Domestic Violence When You Can't Leave HomeTips for navigating intimate partner violence during COVID-19.
From Psychology Today
By Dr. Tammy Schultz and Dr. Adam Dell
As COVID-19 continues to spread across the globe, the concept of social distancing has rapidly become a common practice for massive numbers of individuals.
However, home is not a safe place for everyone. Numerous studies have revealed that there is a relationship between natural disasters and increased rates of intimate partner violence (IPV) (Chew & Ramdas, 2005; Gearhart et al., 2018; Parkinson & Zara, 2013).
IPV is defined as “behaviour by an intimate partner or ex-partner that causes physical, sexual or psychological harm, including physical aggression, sexual coercion, psychological abuse and controlling behaviours” (World Health Organization, 2017). The Centers for Disease Control and Prevention (CDC) indicate that approximately one in four women and one in ten men have experienced IPV by an intimate partner during their lifetime.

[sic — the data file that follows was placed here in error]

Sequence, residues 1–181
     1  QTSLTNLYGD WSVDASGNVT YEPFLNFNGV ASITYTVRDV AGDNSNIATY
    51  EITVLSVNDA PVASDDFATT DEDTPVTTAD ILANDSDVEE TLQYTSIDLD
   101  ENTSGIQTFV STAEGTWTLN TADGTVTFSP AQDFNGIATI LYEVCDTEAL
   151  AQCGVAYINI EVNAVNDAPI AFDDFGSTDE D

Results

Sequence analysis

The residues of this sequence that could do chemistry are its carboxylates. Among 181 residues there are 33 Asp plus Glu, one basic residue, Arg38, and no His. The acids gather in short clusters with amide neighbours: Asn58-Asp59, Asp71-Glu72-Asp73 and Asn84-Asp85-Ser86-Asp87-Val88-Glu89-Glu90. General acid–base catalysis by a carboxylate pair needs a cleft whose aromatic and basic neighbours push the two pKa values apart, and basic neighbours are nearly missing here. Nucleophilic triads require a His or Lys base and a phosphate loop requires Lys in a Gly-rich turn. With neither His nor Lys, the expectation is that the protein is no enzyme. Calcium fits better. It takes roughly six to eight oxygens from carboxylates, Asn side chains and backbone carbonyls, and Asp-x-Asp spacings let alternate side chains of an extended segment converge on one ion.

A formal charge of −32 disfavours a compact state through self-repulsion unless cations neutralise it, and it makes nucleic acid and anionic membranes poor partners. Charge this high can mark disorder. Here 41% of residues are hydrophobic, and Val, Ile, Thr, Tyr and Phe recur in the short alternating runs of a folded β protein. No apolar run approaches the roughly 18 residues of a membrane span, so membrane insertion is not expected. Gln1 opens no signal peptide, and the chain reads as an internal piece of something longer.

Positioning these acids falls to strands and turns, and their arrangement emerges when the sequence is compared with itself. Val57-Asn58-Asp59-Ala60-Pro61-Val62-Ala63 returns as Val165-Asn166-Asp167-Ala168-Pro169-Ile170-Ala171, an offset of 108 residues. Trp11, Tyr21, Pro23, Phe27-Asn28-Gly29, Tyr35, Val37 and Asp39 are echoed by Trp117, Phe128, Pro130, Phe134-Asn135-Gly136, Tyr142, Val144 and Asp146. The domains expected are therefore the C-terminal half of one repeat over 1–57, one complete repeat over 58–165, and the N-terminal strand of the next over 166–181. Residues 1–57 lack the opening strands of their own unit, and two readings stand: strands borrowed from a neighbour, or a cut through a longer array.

For some, the workplace environment was previously an opportunity for respite from controlling partners. However, the call for all individuals to engage in social distancing and the transition to working at home or unemployment have meant elevated medical concerns, 24/7 proximity, diminished community support, heightened levels of distress, and an increased vulnerability to IPV. Moreover, social distancing can be used by partners as a coercive controlling technique to impede opportunities for support and safety.
Individuals who are vulnerable to IPV are often overlooked when it comes to safety planning and coping with natural disasters and infectious disease pandemic, like COVID-19. Thus, here are some considerations:
Tips for Survivors of IPV
I write articles based on my experience as a therapist or a training or conference attendee. Many of these articles are written by others who are experts in their field and I share their information as resources for others.